Godly Heathens follows nonbinary teen Gem Echols, who is living in rural Gracie, Ga., and discovers from new arrival Willa Mae that neither of them is human. In past lives, Gem was a powerful god known as the Magician, and the only one who knows where an ancient weapon that can return all of the gods trapped on Earth back to their home, the Ether, is hidden. However, Gem has made many enemies in their past lives, and as they struggle to regain their memories and their magic, they must fend off gods seeking vengeance while trying to keep their loved ones safe. The novel marks H.E. Edgmon’s second fantasy duology following The Witch King series. We spoke with Edgmon about wading into the waters of murky morality and depicting different forms of duality.
Your dedication for Godly Heathens is to “Anyone who fears they may be the villain in their own story,” which fits for the story’s protagonist Gem, who could be considered a villain to many. Why did you want to write about shades of gray in morality?
I think that for myself, and for a lot of other queer people I know who grew up in environments similar to the one that Gem has grown up with—in rural areas and in places where they don’t necessarily feel like they can fully be themselves—it can create a lot of built-up resentment and anger. And there’s a lot of trauma responses that can come off as ugly. I know that I spent a lot of time in my adulthood unlearning that and having to find my way back to a place where I could be soft and vulnerable with people, because you put up a very hard exterior that is spiky and mean to protect yourself. I wanted to write a story about someone who doesn’t just think that they might be a villain but who, depending on which point of view you’re watching the story from, is a villain. And [I wanted to] say, okay, yeah, but you still deserve to be safe and happy. You still deserve to be taken care of no matter the bad the things that you’ve done or the mistakes that you’ve made. You can still come back from those things. Because I think that’s important for a lot of different people to hear. In particular, I was thinking about queer people, but I think that it touches on a lot of different people.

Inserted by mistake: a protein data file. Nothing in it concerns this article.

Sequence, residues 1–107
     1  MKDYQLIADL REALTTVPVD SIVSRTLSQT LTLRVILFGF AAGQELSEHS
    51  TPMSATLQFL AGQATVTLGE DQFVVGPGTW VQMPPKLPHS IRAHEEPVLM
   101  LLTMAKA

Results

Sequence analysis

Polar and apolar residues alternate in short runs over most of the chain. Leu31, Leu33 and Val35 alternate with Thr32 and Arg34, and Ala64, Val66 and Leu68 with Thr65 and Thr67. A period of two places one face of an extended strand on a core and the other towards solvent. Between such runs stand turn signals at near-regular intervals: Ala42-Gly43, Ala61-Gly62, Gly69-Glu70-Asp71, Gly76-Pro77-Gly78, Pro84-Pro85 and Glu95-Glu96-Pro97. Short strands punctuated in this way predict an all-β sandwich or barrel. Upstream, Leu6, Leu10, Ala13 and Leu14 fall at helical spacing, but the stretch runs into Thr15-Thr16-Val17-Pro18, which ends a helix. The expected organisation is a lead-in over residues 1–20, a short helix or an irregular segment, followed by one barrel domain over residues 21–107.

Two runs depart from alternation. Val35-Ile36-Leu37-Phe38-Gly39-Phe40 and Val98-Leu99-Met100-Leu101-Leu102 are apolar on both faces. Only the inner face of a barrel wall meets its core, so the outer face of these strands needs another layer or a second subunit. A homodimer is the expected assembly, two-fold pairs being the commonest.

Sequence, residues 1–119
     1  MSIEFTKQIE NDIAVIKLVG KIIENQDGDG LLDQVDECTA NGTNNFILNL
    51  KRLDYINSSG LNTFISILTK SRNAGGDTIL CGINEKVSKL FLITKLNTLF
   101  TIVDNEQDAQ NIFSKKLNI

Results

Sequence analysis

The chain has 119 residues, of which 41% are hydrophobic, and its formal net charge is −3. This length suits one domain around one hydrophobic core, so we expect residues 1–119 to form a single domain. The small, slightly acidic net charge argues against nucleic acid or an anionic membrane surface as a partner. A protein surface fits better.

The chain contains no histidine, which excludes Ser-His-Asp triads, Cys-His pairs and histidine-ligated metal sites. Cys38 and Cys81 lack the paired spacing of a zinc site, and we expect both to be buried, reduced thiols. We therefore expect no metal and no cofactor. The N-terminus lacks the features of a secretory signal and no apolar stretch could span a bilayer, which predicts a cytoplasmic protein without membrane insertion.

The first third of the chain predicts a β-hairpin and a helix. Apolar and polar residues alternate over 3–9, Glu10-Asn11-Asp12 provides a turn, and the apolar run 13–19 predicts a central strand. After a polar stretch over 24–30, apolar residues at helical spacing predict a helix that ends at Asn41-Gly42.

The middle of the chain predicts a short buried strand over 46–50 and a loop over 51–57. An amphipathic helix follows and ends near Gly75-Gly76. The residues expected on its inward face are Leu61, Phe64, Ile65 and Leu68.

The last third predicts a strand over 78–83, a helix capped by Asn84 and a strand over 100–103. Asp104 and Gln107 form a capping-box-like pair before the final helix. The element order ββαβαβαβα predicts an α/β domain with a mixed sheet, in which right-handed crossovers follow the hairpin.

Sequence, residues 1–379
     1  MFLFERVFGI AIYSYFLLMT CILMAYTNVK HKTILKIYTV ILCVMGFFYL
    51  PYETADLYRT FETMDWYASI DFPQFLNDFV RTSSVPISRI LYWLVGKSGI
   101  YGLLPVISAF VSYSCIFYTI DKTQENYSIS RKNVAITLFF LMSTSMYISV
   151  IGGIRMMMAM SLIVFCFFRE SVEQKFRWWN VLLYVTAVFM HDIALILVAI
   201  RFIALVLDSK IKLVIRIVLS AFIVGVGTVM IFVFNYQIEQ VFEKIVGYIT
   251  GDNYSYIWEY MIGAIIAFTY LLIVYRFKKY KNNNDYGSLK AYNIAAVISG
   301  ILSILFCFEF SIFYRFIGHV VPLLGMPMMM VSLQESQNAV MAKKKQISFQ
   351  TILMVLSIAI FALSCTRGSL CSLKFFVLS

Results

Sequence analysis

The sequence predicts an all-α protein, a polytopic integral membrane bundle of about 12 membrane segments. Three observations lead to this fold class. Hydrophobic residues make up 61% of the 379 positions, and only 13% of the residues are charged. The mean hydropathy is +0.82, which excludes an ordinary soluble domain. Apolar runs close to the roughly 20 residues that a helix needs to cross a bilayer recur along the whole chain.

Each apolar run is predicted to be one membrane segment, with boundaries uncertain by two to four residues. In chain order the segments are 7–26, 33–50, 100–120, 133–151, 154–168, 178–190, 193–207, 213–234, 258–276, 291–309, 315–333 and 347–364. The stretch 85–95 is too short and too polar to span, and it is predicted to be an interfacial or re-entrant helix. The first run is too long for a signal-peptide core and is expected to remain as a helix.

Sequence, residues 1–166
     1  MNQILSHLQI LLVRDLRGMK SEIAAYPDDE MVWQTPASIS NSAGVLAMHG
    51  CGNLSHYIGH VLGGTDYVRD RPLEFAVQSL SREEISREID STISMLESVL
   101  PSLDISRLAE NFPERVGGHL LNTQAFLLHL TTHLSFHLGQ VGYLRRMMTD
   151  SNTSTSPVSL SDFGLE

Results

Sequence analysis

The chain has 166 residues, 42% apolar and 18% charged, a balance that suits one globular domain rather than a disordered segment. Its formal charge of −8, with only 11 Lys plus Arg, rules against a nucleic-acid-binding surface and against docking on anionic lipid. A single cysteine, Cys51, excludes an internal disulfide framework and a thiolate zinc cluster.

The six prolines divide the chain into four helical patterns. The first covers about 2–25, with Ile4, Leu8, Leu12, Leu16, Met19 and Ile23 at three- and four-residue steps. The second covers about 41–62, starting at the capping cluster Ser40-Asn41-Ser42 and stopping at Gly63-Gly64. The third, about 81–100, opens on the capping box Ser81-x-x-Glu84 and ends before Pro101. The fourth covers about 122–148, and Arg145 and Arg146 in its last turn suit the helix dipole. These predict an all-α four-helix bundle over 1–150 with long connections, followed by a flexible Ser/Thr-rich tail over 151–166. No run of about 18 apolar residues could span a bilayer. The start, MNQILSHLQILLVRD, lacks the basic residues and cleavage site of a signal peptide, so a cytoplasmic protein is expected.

How were you first introduced to fantasy?
When I was a kid, I used to sit on the kitchen floor and watch my dad play D&D with his friends. I didn’t spend a lot of time with my dad; we didn't live together. But those were my sharpest and fondest memories of what it meant to be around him. I became so enamored with D&D, I would take the character building sheets, and I would come up with my own characters in my notebooks. That started when I was maybe six or seven. And it never stopped from there. I continued to journal little character biographies in every notebook that I had through elementary school, middle school, and high school. Eventually that turned into taking those characters and building worlds around them.
Gem and their mother have a fraught relationship that is best encapsulated when Gem’s mother says, “I don’t hate you. I hate what you are.” Can you speak a bit about how one cannot always be separated from their identities?
It’s like, “Don’t hate the sinner, hate the sin.” It’s all wrapped up in this ideology that people are somehow totally separate from the things that they do, or the things that they feel. But human beings are just a collection of the things that we do—a collection of our thoughts and feelings—and there isn’t actually [a way of] loving someone, while hating everything that they represent. But I feel like it is something that people will say often, and it is something that kids—especially kids who are queer or those who are struggling with mental health, or whose identities are different from the people who are raising—them hear a lot. It is something that we can internalize, that we are loved, but there is something wrong with everything that we are doing. And I would just like to offer a counter to that, which is actually, that’s messed up. Don’t buy into that.
As a god, Gem’s fate is to be with their soulmate Willa Mae, but as a human they have found a different relationship with Enzo, which they choose to continue. How do Willa Mae and Enzo represent Gem’s choice between fate and free will? And why was it important for Gem not be forced to decide between the relationships?
Duality is a huge theme in Godly Heathens. Gem is really representative of walking between two worlds. They very literally come from a different world, and also, they are a teenager who lives in Georgia. Their gender exists somewhere in the middle of this spectrum between two sides. They are both white and Native, and they feel stuck in the middle between those two parts of themselves. And even their place within the Pantheon is keeping this balance and holding different sides level with each other. That extends into their love life and the feelings that they have for these two characters. And it wasn’t just that it was part of this greater theme, but it also continues the thread of it. Where they came from and where they are going are both important. And both are true and real. You don’t have to abandon one part of yourself or another part of yourself; you can find out how to navigate both.
Godly Heathens (The Ouroboros #1) by H.E. Edgmon. Wednesday, $20 Nov. 28 ISBN 978-1-250-85361-5